GitHub Actions

This section provides a step-by-step guide to setting up a CI/CD pipeline in GitHub Actions using the provided sample Bash or Powershell scripts.

Before setting up the pipeline in GitHub, make sure that the following steps from the Configuring a CI/CD pipeline are done:

  • Pick a Cloud project

  • Activate CI/CD Flow

Next, you will need to define your pipeline in YAML and use it to interact with the Umbraco Cloud API.

The Umbraco CI/CD Team has created a sample pipeline for Azure DevOps.

The Scripts are provided as is. This means that the scripts will do the bare minimum for a pipeline that is utilizing the CI/CD flow.

You'll need to adapt and integrate the script to fit your pipelines to gain the ability to do deployments to your Umbraco Cloud projects.

The sample includes YAML files and custom Powershell and Bash scripts to interact with the Umbraco Cloud API.

You can get the samples for both Azure DevOps and GitHub Actions from the Github repository.

Please be aware that since this involves using your custom pipeline, any issues that arise will need to be resolved by you.

Import Cloud project repository to GitHub

Go to your repositories in GitHub and click on "New".

  • Create a new empty repository, and note down the clone URL.

  • Go to the Umbraco Cloud Portal and clone your cloud project down locally. This article describes how you can find the clone URL.

  • Now working locally remove the Git Remote called origin, which points to Umbraco Cloud

git remote remove origin
  • Optionally rename branch master to main

# optional step
git branch -m  main
git symbolic-ref HEAD refs/heads/main
  • Add a new remote called origin and pointing to the GitHub clone URL and push

git remote add origin{your-organization}/{your-repository}.git
git push -u origin --all

Now we can move on to setting up a pipeline.

Set up Github repository variables

The pipeline needs to know which Umbraco Cloud project to deploy to. In order to do this you will need the Project ID and the API Key. This article describes how to get those values.

  • Now go to the repository in GitHub, and click on the Settings section.

  • Expand secrets and variables in the left-hand menu titled Security and click on Actions.

Security and Actions menu GitHub
  • Create a repository secret called UMBRACO_CLOUD_API_KEY with the API Key value from the Umbraco Portal.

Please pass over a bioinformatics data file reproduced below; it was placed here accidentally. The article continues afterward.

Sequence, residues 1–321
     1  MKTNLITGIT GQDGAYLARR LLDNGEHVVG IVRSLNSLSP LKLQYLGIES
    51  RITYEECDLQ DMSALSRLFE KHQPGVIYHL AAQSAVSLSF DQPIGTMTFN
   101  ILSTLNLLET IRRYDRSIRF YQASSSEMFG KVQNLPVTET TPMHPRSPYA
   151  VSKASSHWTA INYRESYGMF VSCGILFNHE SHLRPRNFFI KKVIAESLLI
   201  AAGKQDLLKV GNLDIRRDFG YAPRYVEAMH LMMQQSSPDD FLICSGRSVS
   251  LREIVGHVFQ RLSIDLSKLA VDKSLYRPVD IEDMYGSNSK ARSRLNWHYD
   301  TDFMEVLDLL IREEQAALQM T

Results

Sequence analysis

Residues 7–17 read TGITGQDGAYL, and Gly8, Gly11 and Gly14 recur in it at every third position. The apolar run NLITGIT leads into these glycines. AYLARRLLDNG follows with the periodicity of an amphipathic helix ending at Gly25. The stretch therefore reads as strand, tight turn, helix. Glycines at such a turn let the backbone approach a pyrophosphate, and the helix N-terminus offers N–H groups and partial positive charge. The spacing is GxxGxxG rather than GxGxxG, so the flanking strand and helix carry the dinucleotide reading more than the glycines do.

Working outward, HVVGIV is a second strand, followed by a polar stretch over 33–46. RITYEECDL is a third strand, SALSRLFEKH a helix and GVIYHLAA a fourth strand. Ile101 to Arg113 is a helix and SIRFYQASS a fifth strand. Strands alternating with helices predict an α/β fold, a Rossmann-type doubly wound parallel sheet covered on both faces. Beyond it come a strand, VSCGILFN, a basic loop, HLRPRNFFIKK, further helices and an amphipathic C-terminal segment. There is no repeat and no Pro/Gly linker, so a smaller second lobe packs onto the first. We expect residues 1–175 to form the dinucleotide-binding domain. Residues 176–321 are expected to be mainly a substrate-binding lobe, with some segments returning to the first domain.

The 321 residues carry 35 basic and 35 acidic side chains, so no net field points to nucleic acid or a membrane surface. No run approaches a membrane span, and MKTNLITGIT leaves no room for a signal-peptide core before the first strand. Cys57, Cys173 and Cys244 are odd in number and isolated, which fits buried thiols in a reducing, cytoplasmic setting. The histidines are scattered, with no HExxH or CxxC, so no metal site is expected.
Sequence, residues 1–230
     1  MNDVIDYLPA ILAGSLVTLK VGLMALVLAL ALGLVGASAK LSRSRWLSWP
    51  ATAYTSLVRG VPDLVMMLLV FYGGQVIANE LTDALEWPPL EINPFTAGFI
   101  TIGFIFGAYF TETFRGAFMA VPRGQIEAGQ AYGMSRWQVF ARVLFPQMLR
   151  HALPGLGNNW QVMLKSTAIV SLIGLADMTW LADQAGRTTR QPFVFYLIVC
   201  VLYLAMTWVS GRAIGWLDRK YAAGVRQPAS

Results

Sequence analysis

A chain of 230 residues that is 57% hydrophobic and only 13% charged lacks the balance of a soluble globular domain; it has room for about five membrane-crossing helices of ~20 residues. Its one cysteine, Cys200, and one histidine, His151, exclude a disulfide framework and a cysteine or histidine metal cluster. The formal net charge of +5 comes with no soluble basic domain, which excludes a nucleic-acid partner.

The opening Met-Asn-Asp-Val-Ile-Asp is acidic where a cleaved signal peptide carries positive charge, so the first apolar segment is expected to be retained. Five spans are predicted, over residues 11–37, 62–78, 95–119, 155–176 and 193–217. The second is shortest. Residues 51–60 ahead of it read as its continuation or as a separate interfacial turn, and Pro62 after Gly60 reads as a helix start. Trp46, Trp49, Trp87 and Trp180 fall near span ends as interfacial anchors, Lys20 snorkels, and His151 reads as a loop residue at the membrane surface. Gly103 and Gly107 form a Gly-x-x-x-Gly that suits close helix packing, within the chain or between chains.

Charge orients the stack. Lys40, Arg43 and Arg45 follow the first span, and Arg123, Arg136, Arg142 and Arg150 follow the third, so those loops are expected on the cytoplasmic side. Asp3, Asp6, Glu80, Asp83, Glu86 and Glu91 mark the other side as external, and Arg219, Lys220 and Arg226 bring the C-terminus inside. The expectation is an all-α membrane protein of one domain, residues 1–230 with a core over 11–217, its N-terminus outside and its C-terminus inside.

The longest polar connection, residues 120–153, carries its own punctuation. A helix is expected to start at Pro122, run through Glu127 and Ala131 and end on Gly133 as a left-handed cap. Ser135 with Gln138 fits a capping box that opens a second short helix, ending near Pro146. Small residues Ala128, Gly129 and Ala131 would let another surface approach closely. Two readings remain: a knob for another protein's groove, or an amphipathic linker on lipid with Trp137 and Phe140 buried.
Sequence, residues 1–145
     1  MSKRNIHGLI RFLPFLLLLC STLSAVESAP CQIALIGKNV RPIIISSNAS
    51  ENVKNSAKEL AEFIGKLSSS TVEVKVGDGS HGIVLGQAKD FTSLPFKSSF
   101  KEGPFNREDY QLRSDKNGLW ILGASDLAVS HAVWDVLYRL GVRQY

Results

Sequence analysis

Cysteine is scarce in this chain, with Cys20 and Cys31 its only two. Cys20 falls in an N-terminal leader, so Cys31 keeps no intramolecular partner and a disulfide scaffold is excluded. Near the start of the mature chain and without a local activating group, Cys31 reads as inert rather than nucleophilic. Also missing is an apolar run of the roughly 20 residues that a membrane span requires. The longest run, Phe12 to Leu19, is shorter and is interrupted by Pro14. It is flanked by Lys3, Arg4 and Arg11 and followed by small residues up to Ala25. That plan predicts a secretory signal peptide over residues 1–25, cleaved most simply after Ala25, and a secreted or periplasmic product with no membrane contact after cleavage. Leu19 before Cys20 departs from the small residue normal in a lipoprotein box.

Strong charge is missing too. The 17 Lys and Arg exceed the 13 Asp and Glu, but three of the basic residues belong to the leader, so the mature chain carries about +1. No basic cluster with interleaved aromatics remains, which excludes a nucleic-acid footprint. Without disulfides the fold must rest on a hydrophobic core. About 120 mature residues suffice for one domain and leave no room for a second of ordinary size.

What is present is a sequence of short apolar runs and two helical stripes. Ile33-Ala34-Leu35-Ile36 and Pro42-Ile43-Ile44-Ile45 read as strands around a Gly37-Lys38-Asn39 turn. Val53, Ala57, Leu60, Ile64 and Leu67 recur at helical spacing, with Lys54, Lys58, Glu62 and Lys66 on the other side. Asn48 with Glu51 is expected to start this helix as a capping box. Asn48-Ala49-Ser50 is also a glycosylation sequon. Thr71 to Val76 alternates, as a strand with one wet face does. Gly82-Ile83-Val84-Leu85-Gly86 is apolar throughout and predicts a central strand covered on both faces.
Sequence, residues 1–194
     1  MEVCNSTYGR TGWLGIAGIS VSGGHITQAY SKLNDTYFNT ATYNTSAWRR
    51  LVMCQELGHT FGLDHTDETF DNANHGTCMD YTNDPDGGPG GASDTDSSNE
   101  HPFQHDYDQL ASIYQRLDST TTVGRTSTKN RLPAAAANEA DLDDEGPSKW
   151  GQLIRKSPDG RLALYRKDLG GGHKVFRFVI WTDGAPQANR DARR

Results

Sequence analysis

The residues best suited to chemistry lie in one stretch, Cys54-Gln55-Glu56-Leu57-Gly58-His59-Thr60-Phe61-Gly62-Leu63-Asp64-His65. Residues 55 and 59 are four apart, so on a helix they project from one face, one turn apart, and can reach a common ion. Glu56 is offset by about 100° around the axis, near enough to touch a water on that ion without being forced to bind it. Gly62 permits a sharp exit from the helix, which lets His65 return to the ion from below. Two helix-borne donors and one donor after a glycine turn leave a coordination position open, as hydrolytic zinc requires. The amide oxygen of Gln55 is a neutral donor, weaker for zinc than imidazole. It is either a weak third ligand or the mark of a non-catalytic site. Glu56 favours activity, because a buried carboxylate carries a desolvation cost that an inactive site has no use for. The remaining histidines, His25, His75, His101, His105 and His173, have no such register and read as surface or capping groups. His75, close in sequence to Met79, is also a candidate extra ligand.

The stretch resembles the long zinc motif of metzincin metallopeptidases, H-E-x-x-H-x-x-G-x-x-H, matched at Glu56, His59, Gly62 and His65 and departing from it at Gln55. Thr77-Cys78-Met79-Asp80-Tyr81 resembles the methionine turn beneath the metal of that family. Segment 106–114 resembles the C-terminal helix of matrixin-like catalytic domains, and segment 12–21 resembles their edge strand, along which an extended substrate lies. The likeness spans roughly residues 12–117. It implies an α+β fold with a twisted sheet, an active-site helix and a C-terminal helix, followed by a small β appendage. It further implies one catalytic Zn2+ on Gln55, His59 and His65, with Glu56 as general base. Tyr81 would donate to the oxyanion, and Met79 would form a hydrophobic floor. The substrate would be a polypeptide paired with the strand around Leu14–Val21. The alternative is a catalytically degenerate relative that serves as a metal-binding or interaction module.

• Create another repository secret with the name PROJECT_ID and the Project ID value from the Umbraco Portal.

If you want to use other names for the secrets, you need to rename the secrets variables in each of main.yml's jobs.

    uses: ./.github/workflows/cloud-sync.yml
      projectId: ${{ secrets.PROJECT_ID }} # change the part inside the curly braces
      umbracoCloudApiKey: ${{ secrets.UMBRACO_CLOUD_API_KEY }} # change the part inside the curly braces

    needs: cloud-sync
    uses: ./.github/workflows/cloud-deployment.yml
      projectId: ${{ secrets.PROJECT_ID }} # change the part inside the curly braces
      umbracoCloudApiKey: ${{ secrets.UMBRACO_CLOUD_API_KEY }} # change the part inside the curly braces

Now Github is set up with the needed information to be able to run a deployment back to Umbraco Cloud.

Next up it setting up the actual pipeline.

Allow GitHub to commit to your repository

The sample pipelines have a job called cloud-sync. This job is responsible for checking for changes in your Umbraco Cloud project, fetching them, and applying them back to your repository. In order for this to work, you need to give the GITHUB_TOKEN write permissions to the repository during workflow runs.

This is how you can grant these permissions:

  • Working in your repository on GitHub, click on Settings in the top right

  • In the left sidebar, click on Actions and then on General

  • Scroll down to the Workflow permissions sections

  • Select the Read and write permissions

  • Click save

GitHub Workflow permissions

Set up the GitHub Actions pipeline

While working with the project on your local machine, follow these steps to prepare the pipeline, using the samples from the repository.

Download the provided sample scripts as ZIP from the GitHub repository. Click on "Code" and then choose "Download ZIP". Then unzip it and use those files for the next steps.